UN sanctions on Libya lifted
The UN Security Council lifted the sanctions imposed on Libya for the 1988 Lockerbie airliner bombing.
The move also clears the way for initial Libyan payments of up to 10 million dollars per victim, or 2.7 billion dollars in total, to the families of the 270 people killed in the downing of US Pan Am flight 103.
The vote passed 13-0 with abstentions from the United States, which is keeping its own sanctions on Libya in place, and France, the AFP reported.
The deputy US ambassador, James Cunningham, said ending the sanctions "must not be misconstrued by Libya or by the world community as tacit US acceptance that the government of Libya has rehabilitated itself."
He said the regime of Libyan leader Moamer Kadhafi was "actively pursuing" weapons of mass destruction, ballistic missiles, biological and chemical weapons.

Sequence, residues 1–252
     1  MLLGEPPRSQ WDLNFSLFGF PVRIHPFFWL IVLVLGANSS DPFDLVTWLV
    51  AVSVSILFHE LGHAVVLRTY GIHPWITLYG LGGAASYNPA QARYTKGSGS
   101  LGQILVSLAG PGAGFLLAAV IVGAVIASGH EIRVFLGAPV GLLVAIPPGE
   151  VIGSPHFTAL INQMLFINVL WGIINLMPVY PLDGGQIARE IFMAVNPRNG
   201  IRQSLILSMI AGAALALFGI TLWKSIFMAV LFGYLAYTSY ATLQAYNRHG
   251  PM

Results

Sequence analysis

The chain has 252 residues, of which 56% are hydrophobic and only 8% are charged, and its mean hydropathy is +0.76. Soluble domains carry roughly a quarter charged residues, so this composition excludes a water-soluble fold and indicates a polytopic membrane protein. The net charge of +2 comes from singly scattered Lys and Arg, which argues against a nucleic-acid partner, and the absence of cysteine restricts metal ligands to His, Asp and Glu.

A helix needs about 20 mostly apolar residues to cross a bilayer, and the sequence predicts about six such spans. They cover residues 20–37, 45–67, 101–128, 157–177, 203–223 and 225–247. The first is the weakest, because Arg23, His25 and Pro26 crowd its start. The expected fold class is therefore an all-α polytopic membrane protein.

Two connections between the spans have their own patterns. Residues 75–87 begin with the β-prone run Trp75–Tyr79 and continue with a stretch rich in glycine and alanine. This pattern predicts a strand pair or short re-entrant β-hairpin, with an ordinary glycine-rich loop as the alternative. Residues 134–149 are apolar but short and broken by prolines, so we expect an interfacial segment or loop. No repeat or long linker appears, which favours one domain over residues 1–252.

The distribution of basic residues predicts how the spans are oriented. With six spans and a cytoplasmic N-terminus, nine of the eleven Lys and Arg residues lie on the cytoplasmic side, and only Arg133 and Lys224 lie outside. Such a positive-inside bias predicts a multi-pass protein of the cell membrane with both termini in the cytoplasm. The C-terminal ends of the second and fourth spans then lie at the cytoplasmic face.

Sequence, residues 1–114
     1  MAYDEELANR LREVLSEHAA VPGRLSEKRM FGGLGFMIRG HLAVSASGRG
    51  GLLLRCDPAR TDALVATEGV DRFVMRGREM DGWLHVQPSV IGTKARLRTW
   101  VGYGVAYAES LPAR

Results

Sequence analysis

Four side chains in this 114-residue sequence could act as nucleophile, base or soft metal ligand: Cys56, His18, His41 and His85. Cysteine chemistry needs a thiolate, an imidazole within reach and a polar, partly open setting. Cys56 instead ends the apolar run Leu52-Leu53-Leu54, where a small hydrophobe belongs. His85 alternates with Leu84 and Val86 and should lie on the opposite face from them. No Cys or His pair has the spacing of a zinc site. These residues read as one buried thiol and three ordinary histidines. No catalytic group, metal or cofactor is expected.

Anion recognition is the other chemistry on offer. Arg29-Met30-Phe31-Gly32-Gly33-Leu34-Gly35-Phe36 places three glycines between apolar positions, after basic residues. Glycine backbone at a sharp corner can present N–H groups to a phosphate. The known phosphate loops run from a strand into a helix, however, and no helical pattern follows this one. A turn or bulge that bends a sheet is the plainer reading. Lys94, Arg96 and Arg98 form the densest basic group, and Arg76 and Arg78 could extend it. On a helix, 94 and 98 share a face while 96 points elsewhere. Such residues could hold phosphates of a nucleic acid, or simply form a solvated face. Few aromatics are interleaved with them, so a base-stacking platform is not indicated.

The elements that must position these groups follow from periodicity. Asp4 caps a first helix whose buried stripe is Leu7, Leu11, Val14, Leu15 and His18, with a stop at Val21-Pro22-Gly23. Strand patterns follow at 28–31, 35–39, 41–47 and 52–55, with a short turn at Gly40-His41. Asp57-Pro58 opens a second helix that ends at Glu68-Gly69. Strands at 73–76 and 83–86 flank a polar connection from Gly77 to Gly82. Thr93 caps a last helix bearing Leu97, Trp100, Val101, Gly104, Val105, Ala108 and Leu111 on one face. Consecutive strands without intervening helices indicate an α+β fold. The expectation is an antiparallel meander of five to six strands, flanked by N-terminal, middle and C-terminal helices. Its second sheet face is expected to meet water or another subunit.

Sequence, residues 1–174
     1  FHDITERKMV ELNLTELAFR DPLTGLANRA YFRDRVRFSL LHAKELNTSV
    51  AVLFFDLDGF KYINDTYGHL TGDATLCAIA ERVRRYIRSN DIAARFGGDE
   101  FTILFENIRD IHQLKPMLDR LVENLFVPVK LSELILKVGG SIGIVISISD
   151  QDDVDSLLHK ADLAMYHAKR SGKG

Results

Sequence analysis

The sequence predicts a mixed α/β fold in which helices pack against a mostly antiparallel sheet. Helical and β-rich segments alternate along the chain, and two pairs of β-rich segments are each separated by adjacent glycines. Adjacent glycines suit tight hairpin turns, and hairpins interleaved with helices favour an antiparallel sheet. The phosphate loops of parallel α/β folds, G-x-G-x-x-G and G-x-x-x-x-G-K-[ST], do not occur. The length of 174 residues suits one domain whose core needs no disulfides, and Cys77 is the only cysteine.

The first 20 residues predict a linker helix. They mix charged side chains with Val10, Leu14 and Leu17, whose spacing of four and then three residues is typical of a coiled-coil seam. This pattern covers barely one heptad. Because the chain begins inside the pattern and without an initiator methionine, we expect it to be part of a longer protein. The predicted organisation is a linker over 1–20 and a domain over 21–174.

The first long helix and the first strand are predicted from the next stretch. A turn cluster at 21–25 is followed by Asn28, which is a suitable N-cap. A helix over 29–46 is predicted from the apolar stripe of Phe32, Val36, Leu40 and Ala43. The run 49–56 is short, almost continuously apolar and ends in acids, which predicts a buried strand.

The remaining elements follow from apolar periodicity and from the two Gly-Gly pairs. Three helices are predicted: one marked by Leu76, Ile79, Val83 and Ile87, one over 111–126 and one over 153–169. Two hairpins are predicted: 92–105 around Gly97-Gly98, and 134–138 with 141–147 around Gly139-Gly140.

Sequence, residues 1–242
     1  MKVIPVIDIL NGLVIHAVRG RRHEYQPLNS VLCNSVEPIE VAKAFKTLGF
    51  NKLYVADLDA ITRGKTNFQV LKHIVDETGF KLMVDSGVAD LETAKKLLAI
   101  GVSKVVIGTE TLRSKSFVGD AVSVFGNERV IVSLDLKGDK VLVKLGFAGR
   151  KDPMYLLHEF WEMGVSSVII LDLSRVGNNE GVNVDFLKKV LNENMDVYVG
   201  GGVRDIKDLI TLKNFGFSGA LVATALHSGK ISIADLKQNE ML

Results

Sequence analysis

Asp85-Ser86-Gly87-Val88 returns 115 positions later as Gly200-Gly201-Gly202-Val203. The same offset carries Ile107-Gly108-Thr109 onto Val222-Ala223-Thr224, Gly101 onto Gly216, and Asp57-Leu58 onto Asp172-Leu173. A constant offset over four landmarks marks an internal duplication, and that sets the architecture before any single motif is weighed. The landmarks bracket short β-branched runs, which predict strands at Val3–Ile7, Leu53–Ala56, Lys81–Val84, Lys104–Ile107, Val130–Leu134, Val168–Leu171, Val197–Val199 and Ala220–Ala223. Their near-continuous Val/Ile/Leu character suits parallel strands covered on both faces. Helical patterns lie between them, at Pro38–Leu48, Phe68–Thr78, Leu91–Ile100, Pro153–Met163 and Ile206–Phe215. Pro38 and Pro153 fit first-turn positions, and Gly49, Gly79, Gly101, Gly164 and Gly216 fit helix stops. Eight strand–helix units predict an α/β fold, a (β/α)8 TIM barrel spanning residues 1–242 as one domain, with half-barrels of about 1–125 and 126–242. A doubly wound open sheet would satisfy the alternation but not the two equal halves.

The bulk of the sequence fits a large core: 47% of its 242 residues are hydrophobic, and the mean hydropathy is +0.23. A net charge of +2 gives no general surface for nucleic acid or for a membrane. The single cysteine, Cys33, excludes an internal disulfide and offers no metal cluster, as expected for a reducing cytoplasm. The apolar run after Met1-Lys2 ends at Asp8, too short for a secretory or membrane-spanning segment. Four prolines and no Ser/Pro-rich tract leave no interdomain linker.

British Foreign Secretary Jack Straw said that the end of the sanctions "marks a new and welcome chapter in Libya's relationship with the international community.
"Libya's decision to comply with these demands is the result of patient but firm diplomacy based on some clear points of principle. It demonstrates that terrorists will be brought to justice."
Libyan state television hailed the Council decision as a "victory." (Albawaba.com)
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